The U.S. dollar will rise because the Federal Reserve will maintain a tight monetary policy, foreign exchange traders said.

However, the West German central bank also has indicated it will act to protect the soundness of the deutsche mark, so any rally by the dollar may be limited, they added."Fear of Bundesbank intervention is well-grounded," said Bill Jansen, currency trader at Discount Corp. of New York.

Mr. Jansen said the West German central bank has gone on record clearly indicating its readiness to keep the country's currency strong ahead of the July 2 implementation of monetary union with East Germany.

The dollar rose to just above 1.70 deutsche marks Friday before slipping back a bit from that peak in afternoon trading. Many traders believe the Bundesbank will intervene this week to buy deutsche marks and sell dollars if the U.S. currency attempts to push ahead to the DM1.72 level.

Ian Spence, chief foreign exchange dealer at Manufacturers Hanover Trust Co., noted that a lot of important U.S. economic reports will be released later this week, ending a dearth of data that has dampened trading enthusiasm.

Key reports on tap for May will include retail sales on Wednesday, the producer price index on Thursday, and the consumer price index, industrial production and capacity utilization on Friday. The April U.S. merchandise trade statistics also will be released on Friday.

Unless new data indicate a distinct weakening in the economy, the Fed seems likely to avoid any policy moves to encourage lower interest rates, traders said.

"I don't think there will be much of a slowdown" in the U.S. economy, Mr. Spence said. "Interest rates will remain firm until there is an agreement to reduce the budget deficit. And if there is a budget agreement, that would be good for the dollar," he added.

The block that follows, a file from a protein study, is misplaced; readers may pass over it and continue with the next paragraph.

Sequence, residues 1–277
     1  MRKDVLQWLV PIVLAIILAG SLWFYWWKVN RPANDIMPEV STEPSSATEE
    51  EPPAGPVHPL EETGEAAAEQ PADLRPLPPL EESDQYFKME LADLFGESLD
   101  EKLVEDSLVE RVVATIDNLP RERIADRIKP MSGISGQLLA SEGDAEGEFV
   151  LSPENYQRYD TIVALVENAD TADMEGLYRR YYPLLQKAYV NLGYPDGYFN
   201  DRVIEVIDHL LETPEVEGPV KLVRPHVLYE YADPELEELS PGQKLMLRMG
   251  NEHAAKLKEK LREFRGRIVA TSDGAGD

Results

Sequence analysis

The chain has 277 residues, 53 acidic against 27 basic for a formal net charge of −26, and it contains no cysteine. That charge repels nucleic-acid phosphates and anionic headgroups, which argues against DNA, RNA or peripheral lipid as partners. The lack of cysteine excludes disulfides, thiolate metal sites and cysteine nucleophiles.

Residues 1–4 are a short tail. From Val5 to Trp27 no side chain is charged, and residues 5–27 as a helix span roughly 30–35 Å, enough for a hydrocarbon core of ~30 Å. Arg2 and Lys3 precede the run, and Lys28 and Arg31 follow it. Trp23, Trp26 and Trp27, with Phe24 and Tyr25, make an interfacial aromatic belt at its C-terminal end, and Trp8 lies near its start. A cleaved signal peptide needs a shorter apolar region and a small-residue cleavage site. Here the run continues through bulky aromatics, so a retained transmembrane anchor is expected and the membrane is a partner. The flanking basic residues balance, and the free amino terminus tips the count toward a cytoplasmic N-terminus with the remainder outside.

Comments last week by a number of Fed governors and by Fed Chairman Alan Greenspan indicated that they believe the economic data have been too ambiguous to prompt any easing of monetary policy, traders said.

U.S. interest rates likely will remain high, therefore, and provide good support for the dollar, they added.

Recent weakness in precious metals, with gold falling to near a four-year low last week, also could be a positive sign for the dollar, said Mr. Jansen of Discount Corp.

"Weak gold prices have been a good corollary to a strong dollar," he noted.

The U.S. currency also may benefit from "safe haven" appeal, Mr. Jansen said.

"The political uncertainties in Germany will work themselves out," he added, "but it is not at all clear what the outcome or the effects will be of continued unrest in the Soviet Union."

Francoise Soares-Kemp, vice president-treasury and head corporate foreign exchange trader at Credit Suisse in New York, said, "The continuing disintegration in the Soviet Union gives the dollar a boost, and it looks as if it will be a long hot summer there."

The United States is still regarded as "the only place to be when in doubt," she said. "When in doubt, buy dollars."

Although the Japanese yen has recovered from its lows of earlier this year, ''the Japanese situation is still fragile," Ms. Soares-Kemp said.

"One of Japan's goals is supposed to be asset deflation, and they're going in the opposite direction," she said.